I’ve been reading Learn You a Haskell and got stuck on a tiny point at the beginning, in the section about ranges: you can’t have a range with more than one step value. This post is about what it might mean to allow multiple steps and how Charles Babbage might have had an opinion on this particular aspect of haskell’s design.

Here’s the whole paragraph from Learn You a Haskell,

To make a list containing all the natural numbers from 1 to 20, you just write [1..20]. [… snip …] Ranges are cool because you can also specify a step. What if we want all even numbers between 1 and 20? Or every third number between 1 and 20?

ghci> [2,4..20]
[2,4,6,8,10,12,14,16,18,20]
ghci> [3,6..20]
[3,6,9,12,15,18]

It’s simply a matter of separating the first two elements with a comma and then specifying what the upper limit is. While pretty smart, ranges with steps aren’t as smart as some people expect them to be. You can’t do [1,2,4,8,16..100] and expect to get all the powers of 2. Firstly because you can only specify one step. And secondly because some sequences that aren’t arithmetic are ambiguous if given only by a few of their first terms.

The bold highlight is mine. This makes sense – how can the language guess that what you have in mind when you write [1, 2, 4, 8, 16..] is the powers of 2?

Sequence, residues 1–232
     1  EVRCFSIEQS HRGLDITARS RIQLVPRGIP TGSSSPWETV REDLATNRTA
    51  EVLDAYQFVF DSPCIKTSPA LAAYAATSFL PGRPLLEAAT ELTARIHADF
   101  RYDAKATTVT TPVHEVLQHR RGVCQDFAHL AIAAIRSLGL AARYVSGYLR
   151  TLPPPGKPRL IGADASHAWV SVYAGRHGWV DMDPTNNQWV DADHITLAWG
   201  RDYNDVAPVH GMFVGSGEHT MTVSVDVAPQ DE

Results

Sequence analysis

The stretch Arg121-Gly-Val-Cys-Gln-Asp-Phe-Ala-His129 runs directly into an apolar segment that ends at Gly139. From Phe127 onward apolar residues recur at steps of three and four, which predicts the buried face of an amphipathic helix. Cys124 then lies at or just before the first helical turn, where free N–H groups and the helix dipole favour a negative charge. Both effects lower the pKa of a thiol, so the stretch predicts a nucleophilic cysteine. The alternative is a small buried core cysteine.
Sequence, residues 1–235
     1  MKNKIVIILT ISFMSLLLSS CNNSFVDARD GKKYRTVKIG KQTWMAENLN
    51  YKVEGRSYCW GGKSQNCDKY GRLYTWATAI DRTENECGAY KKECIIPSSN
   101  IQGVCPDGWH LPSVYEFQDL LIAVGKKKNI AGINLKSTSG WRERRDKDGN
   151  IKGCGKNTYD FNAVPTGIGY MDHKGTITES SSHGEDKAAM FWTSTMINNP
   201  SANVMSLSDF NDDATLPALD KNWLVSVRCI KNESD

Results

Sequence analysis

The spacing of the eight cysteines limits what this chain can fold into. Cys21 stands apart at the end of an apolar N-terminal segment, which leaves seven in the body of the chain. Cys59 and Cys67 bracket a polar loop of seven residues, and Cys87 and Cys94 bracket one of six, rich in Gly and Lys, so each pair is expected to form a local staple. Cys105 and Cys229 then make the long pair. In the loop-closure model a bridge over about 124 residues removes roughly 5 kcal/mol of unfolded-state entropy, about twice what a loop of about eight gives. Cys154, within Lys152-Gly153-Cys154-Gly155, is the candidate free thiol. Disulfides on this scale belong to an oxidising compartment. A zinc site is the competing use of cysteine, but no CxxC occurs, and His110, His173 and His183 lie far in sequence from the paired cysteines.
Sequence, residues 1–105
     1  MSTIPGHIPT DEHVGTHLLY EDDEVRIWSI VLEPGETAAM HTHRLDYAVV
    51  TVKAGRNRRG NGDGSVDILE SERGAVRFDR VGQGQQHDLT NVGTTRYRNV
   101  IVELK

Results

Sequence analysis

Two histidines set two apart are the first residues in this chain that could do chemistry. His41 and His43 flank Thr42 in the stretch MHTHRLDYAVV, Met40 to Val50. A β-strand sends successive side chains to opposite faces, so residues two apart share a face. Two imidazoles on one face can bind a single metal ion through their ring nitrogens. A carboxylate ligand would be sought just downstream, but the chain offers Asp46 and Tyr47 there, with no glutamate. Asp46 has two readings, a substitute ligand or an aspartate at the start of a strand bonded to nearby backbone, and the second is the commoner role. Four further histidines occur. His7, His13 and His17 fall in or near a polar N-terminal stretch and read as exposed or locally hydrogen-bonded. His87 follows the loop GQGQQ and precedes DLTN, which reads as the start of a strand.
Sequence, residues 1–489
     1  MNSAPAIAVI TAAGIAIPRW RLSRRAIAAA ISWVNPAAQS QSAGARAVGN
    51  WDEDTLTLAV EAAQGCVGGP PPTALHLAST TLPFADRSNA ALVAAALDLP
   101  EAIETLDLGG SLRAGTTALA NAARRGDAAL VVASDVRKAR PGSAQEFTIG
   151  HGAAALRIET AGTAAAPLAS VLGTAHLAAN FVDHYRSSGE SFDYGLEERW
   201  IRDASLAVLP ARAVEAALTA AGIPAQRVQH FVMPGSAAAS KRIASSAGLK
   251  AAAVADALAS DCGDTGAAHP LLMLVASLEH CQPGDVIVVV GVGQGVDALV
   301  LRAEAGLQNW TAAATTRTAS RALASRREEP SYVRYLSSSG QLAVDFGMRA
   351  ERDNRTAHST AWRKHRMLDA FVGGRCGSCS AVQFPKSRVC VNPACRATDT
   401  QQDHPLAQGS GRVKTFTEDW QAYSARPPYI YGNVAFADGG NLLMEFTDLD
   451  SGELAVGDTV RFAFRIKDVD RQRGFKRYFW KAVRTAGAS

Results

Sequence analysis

On the other hand though, just as a fun exercise, if you were to allow multiple step values how would you define them? Even though this is a highly specialized and modern language design question I know Charles Babbage would have understood it and I suspect he would have had an opinion.

A while ago I wrote a post about Babbage’s difference engine. The difference engine is basically an adder that calculates successive values of a polynomial by doing simple addition, using a technique called divided differences. This is described in full detail in that post but here’s a summary. Take a sequence of values of values of a polynomial, for instance the first four squares,

$\begin{tabular}{lcl} f(0) & = & 0 \\ f(1) & = & 1 \\ f(2) & = & 4 \\ f(3) & = & 9 \\ & \vdots & \end{tabular}$

You can then calculate the next values using just addition by calculating the differences between the initial values. To get the differences for a sequence you subtract each pair of values,

$\begin{tabular}{l|l} 0 \\ & 1 \\ 1 \\ & 3 \\ 4 \\ & 5 \\ 9 \end{tabular}$

Do it once and you get the first differences. Do the same thing to the first differences and you get the second differences,

$\begin{tabular}{l|l|l} 0 \\ & 1 \\ 1 && 2\\ & 3 \\ 4 && 2\\ & 5 \\ 9 \end{tabular}$

Do the same thing to the second differences and you get the third differences,

$\begin{tabular}{l|l|l|l} 0 \\ & 1 \\ 1 && 2\\ & 3 && 0\\ 4 && 2\\ & 5 \\ 9 \end{tabular}$

In this case there’s just one and it’s 0 so we can ignore it. Once you have all the differences you can calculate the next value of the polynomial by adding them together from right to left,

$\begin{tabular}{l|l|l} 0 \\ & 1 \\ 1 && 2\\ & 3 \\ 4 && 2 \\ & 5 \\ 9 \end{tabular} \quad\to\quad \begin{tabular}{l|l|l} 0 \\ & 1 \\ 1 && 2\\ & 3 \\ 4 && 2 \\ & 5 & \tiny{+0} \\ 9 && \bf{2} \end{tabular} \quad\to\quad \begin{tabular}{l|l|l} 0 \\ & 1 \\ 1 && 2\\ & 3 \\ 4 && 2 \\ & 5 \\ 9 & \tiny{+2} & \bf{2} \\ & \bf{7} \\ \end{tabular} \quad\to\quad \begin{tabular}{l|l|l} 0 \\ & 1 \\ 1 && 2\\ & 3 \\ 4 && 2 \\ & 5 \\ 9 && \bf{2} \\ \tiny{+7} & \bf{7} \\ \bf{16} \\ \end{tabular}$

There it is, 16, the next value in the sequence. At this point we can just keep going,